Independent Student Newspaper for the University of Texas at San Antonio

The Paisano

Independent Student Newspaper for the University of Texas at San Antonio

The Paisano

Independent Student Newspaper for the University of Texas at San Antonio

The Paisano

Legal knowledge should be a core subject

Legal+knowledge+should+be+a+core+subject
Kara Lee

Every day, there are thousands of civil and criminal cases filed in courts throughout the country. From 1998 to 2017, in federal civil suits, plaintiffs who represented themselves only got a judgment in their favor 4% of the time, while defendants who represented themselves got a judgment in their favor 14% of the time, assuming the plaintiff had representation. One in four cases in civil court were found to be filed pro se, which is a legal term meaning to represent oneself; that constituted over 15 thousand cases a year. However, not all of them are lawyers. In fact, there are only 1.3 million lawyers, according to the ABA.

This all being said, there are not nearly enough lawyers, and to get what people call a “good lawyer,” that costs money, and a lot of it. The majority of pro se filers do not have legal knowledge themselves, so would it be beneficial to have it? Obviously, having legal knowledge will not cause the law profession to die off, as having to do constant research and preparation is not for the faint of heart. It can help you save money, however, and may even lead you to find violations of your rights that you would not have known you had if you did not have prior legal knowledge.

From experience, people would tell you that learning about the law will only help you in life. It will never hurt you to know it. Now you may never be as good as a lawyer is; however, you will be able to say that you are more knowledgeable than the majority of the population. The best thing is that the law can not only help defend rights, but it can also help you in business, such as by learning what is considered to be one of the most complicated tax systems in the world.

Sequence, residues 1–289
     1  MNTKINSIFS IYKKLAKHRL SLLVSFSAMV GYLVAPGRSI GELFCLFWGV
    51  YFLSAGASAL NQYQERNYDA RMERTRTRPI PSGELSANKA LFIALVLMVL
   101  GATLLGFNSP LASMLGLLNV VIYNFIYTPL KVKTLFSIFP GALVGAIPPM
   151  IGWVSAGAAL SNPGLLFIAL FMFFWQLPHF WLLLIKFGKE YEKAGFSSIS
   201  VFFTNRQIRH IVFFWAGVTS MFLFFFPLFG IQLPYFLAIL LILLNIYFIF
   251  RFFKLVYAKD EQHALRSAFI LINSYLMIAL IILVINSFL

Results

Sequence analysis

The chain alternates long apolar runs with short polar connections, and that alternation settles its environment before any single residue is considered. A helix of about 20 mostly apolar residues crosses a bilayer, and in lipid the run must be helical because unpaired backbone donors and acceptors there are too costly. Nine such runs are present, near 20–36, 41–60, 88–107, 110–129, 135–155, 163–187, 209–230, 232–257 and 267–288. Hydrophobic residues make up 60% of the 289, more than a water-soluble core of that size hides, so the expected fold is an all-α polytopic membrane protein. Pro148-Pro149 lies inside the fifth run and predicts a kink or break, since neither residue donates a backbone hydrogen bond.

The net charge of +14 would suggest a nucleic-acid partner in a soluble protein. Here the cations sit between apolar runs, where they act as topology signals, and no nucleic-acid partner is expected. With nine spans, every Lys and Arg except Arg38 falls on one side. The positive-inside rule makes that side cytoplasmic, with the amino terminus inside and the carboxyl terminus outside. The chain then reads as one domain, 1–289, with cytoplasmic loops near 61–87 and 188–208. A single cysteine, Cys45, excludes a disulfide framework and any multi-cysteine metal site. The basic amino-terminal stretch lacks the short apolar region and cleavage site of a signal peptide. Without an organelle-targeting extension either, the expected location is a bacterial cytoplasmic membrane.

The question that people may have regarding this question is what do you teach, and when do you teach it? The percentage of high schoolers enrolling in college immediately after high school has been on a downward trend since 2019, with 62% of high school students enrolled immediately after graduation in 2021. Having legal knowledge should be seen as essential to living a successful adult life and should be one of the last topics you learn before you graduate from high school. Now the second question is what should be taught? This is not going to be a typical case law class; instead, it should teach the skills one needs to know to be able to research the law effectively and to learn how to understand and interpret it, with maybe one or two cases.

The advent of ChatGPT has arguably cut down the amount of time needed to research statutes and regulations, and the legal industry agrees, with Andrew Perlman, the Dean of Suffolk University Law School, saying: “For the legal industry, ChatGPT may portend an even more momentous shift than the advent of the internet.” A study by Harvard Law School stated: “Bing Chat is already operating at the level of a B/B+ law student, and it will only get better with time.” All in all, AI has become an integral part of our lives, and using it to help research the law would be beneficial.

Currently, in the State of Texas, the core curriculum for public high schools consists of mathematics, with two of the credits being algebra I and geometry, science, which includes biology as a credit, social studies, foreign languages, physical education, art and English. Should a law class be added to the curriculum, it could take one of the elective credits (bringing it down to 4) or one of the foreign language credits (bringing it down to 1).

Legal knowledge as a basic requirement of life could help hold companies accountable and ensure equitable justice for all.

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About the Contributors
Andrew Dotson, Staff Writer
Andrew (He/Him) is a Freshman at UTSA majoring in Cybersecurity. His hobbies include coding, gaming, tinkering with Raspberry Pi and helping educate and teach others about technology
Kara Lee, Graphic Editor
Kara is a communication major on track to graduate in 2025. After graduating they hope to work for non-profits that specialize in environmental concerns so they can give back to the planet that provides so much for us. When Kara is not in school or working they can be found either drawing or hiking.

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